Thurgood Marshall was a famous lawyer and jurist. Marshall first gained notoriety when he successfully argued and won the very famous landmark case that declared that a separate but equal education to be unconstitutional – Brown v. the Board of Education of Topeka, Kansas in 1954. He was the first African-American to be a Justice in the United States Supreme Court. His accomplishments are in no small measure due to his hard work and persistence having to overcome many of the obstacles placed in his way due to the color of his skin.
Marshall was born on July 2, 1908 in Baltimore Maryland in a political climate that was permeated with Jim Crow – the body of local and national laws and customs designed to deny African-Americans the full rights entitled to them as citizens. His parents were Willie and Norma Marshall. It would be of value to provide a cursory view of race history in the United States.
Slaves were first brought into the colonies in 1670 and the institution of slavery flourished with the United States for 270 years until the Emancipation Proclamation of 1863.
Prior to this historic pronouncement there were many instances of laws and rulings that were designed to deny African-Americans equal rights. For example, in 1705, the Virginia legislature passed legislation that effectively equated Negro, Mulatto and Indian slaves as real estate with no legal rights or legal identity. This was in comparison to states like Massachusetts and Vermont that guaranteed the rights of all of its citizens. In addition, on a number of instances, Supreme Court decisions upheld the widespread belief in the inferiority of Blacks.
The famous Dred Scott Decision of 1856 validated the belief that slaves were to be treated separately. Dred Scott was a slave who lived with his owner in the free states of Illinois and Wisconsin. When his owner died in 1843, Scott sued for his freedom. The Supreme Court eventually heard the arguments and in 1857 decided that an African-American slave or free had no constitutional rights.
In the words of Chief Justice Roger Brooke Taney, "People of African descent are beings of an inferior order and are altogether unfit to associate with the white race in social or political relations, and are so far inferior that they had no rights which the white man was bound to respect, and that the negro might justly and legally be reduced to slavery for his benefit."
To reclaim the inherent rights of all U.S. citizens, the thirteenth, fourteenth and fifteenth amendment to the U.S. Constitution were passed beginning in 1868. They were as follows:
Passed by Congress January 31, 1865. Ratified December 6, 1865.
Neither slavery nor involuntary servitude, except as a punishment for crime whereof the party shall have been duly convicted, shall exist within the United States, or any place subject to their jurisdiction.
Passed by Congress June 13, 1866. Ratified July 9, 1868.
All persons born or naturalized in the United States, and subject to the jurisdiction thereof, are citizens of the United States and of the State wherein they reside. No State shall make or enforce any law which shall abridge the privileges or immunities of citizens of the United States; nor shall any State deprive any person of life, liberty, or property, without due process of law; nor deny to any person within its jurisdiction the equal protection of the laws.
Passed by Congress February 26, 1869. Ratified February 3, 1870.
These amendments were passed to protect the rights of the newly freed slaves. It was Jim Crow that effectively attempted to subvert these newly-held rights. It was into such a racially charged environment that Marshall was born. His grandfather was born into slavery.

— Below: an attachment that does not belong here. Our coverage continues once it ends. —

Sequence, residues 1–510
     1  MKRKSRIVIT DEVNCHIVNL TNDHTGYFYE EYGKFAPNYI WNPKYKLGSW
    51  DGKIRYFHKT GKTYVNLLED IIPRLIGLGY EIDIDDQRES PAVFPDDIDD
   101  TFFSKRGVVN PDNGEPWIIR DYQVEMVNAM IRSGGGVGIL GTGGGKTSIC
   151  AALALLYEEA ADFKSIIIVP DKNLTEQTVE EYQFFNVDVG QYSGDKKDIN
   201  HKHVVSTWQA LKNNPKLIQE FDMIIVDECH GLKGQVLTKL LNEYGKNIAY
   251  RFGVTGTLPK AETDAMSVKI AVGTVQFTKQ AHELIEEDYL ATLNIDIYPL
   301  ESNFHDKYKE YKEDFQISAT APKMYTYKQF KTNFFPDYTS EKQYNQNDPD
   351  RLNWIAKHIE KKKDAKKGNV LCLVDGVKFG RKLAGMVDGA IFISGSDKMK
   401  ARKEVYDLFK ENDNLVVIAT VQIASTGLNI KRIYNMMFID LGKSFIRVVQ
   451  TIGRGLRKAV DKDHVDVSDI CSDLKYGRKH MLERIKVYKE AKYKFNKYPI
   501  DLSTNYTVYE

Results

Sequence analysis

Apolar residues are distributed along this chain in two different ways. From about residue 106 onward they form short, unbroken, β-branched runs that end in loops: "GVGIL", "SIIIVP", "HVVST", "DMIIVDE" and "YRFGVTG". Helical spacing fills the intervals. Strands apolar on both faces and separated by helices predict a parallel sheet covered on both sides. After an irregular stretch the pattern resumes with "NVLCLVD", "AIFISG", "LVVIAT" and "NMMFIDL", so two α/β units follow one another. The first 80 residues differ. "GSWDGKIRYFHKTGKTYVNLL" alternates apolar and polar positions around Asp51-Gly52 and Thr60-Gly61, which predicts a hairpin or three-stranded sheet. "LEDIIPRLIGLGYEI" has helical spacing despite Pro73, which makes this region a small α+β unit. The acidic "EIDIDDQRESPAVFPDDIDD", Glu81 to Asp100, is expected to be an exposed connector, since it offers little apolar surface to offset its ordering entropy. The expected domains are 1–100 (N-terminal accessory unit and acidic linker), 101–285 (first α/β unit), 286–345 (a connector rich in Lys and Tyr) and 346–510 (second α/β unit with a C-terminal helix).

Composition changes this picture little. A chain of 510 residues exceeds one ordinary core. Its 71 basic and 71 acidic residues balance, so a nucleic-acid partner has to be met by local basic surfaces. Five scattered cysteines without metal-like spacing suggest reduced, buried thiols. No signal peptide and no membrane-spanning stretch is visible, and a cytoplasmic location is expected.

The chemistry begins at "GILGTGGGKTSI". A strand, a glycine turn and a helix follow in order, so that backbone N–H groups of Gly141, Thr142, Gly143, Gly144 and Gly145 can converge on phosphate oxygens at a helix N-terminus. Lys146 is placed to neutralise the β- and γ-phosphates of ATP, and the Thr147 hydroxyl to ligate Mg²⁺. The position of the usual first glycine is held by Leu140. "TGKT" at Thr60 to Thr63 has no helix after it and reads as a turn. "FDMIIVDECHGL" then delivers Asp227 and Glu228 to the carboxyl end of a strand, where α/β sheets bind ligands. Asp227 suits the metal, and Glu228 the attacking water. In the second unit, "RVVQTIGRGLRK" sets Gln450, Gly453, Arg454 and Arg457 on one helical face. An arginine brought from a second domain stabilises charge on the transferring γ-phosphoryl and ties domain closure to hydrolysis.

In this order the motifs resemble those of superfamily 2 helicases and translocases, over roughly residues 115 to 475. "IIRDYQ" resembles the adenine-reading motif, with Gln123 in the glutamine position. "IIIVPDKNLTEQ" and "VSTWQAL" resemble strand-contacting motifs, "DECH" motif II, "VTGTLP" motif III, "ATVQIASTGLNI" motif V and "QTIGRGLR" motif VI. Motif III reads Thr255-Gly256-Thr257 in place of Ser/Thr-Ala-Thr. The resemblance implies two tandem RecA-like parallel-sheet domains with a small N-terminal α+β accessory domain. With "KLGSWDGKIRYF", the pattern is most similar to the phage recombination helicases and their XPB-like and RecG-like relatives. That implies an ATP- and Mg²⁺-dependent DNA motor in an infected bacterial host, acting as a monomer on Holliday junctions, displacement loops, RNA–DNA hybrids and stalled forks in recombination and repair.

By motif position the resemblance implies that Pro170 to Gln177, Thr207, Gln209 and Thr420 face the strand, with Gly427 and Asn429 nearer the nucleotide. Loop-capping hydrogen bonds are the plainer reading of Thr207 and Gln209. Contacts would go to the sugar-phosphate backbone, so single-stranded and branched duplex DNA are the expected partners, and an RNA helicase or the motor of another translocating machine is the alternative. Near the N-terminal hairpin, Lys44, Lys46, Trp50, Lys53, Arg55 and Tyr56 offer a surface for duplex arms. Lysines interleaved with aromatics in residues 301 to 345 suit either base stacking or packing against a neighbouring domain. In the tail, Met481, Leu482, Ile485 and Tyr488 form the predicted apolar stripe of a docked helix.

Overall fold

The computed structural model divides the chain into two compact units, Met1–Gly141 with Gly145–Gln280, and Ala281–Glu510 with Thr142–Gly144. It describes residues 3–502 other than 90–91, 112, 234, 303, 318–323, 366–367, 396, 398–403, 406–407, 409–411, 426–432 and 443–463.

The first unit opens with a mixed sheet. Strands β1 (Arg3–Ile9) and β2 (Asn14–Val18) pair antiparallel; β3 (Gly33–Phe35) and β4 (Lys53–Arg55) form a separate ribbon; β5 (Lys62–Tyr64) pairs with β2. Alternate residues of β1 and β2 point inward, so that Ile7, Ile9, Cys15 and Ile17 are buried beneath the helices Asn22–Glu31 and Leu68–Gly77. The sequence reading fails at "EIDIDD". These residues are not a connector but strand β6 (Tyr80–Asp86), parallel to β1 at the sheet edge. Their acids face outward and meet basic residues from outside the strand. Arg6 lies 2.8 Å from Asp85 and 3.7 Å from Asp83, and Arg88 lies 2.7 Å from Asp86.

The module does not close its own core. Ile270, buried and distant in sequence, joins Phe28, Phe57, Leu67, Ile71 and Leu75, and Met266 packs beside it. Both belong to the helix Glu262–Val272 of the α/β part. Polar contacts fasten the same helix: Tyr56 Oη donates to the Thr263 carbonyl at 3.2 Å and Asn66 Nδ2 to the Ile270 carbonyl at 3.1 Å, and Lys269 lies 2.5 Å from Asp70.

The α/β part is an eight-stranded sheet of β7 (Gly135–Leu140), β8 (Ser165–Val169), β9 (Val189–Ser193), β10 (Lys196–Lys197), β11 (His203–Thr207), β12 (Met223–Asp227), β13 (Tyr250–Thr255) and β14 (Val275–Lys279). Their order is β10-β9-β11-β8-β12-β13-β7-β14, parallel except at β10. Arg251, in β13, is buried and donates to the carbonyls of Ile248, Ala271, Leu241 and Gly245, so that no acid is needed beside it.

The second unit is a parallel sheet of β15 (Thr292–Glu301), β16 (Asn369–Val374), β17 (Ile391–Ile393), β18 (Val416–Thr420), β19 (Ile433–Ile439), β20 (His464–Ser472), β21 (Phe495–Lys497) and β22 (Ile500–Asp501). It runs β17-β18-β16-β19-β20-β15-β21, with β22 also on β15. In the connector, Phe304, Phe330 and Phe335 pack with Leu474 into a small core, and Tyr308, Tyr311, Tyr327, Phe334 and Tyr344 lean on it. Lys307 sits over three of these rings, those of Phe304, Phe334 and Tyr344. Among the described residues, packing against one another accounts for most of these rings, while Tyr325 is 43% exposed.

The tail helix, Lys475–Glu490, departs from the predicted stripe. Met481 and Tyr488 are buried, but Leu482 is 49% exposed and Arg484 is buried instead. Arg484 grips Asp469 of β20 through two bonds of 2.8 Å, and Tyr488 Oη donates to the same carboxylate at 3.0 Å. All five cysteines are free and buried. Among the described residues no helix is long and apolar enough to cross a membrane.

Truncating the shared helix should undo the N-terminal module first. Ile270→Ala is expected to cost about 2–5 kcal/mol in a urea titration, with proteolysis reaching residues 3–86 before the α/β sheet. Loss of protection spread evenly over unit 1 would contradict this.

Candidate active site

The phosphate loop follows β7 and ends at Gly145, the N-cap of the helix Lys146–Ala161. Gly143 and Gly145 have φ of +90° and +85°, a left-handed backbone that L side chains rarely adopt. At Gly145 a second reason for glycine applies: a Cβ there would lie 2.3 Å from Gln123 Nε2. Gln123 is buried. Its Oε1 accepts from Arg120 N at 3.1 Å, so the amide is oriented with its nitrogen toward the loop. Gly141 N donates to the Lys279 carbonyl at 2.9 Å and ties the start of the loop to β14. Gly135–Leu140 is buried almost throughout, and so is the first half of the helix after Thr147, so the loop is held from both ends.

In spite of these additional guarantees written into the constitution, the Supreme Court once again ruled in favor of segregation. In 1892, Homer Plessy, one-eighth African-American, purchased a first-class ticket on the East Louisiana Railroad purposefully to challenge state law. He was ordered into a "black car;" he refused and was subsequently thrown off the train and convicted of violating the law. The Supreme Court heard the legal arguments in 1895 and during the next year voted 7-1 against his appeal. In the Court's opinion, as written by Justice Henry B. Brown, "Legislation is powerless to eradicate social instincts or to abolish distinctions based upon physical differences and the attempt to do so can only result in accentuating the difficulties of the present situation." In his descent, Justice John Marshall Harlan wrote, "…U.S. government laws must protect all citizens." The nation would endure sixty more years of racial discrimination and segregation.
America at the time of Marshall's birth had a population of eighty-nine million and was composed of forty-six states. Ten percent of the population was African-American and in Baltimore African-Americans constituted twenty percent of the population. Jim Crow was everywhere evident. Additionally, less than half the population of the country enjoyed full legal writes; this was before women's suffrage, and child labor was very common with workers as young as seven or eight years old – making as little as ten cents per day.
The Marshall family valued education. Willie Marshall taught his children tolerance and pride in their black heritage. Norma graduated college – an unusual achievement for a woman, especially being African-American. There were limited expectations for a young black person seeking a college education. The most that could be hoped for was a professional career such as medicine, dentistry and teaching where the graduate could not hope to serve the white community. In order to further understand the obstacles felt by African-Americans, especially males, in that era, it should be kept in mind that between 1889 and 1918 there were 2500 lynchings in the United States with 15 of those reported in the state of Maryland. There were race riots in Atlanta, Georgia in 1906 and Springfield, Illinois in 1908. This was the daunting environment into which Marshall was born.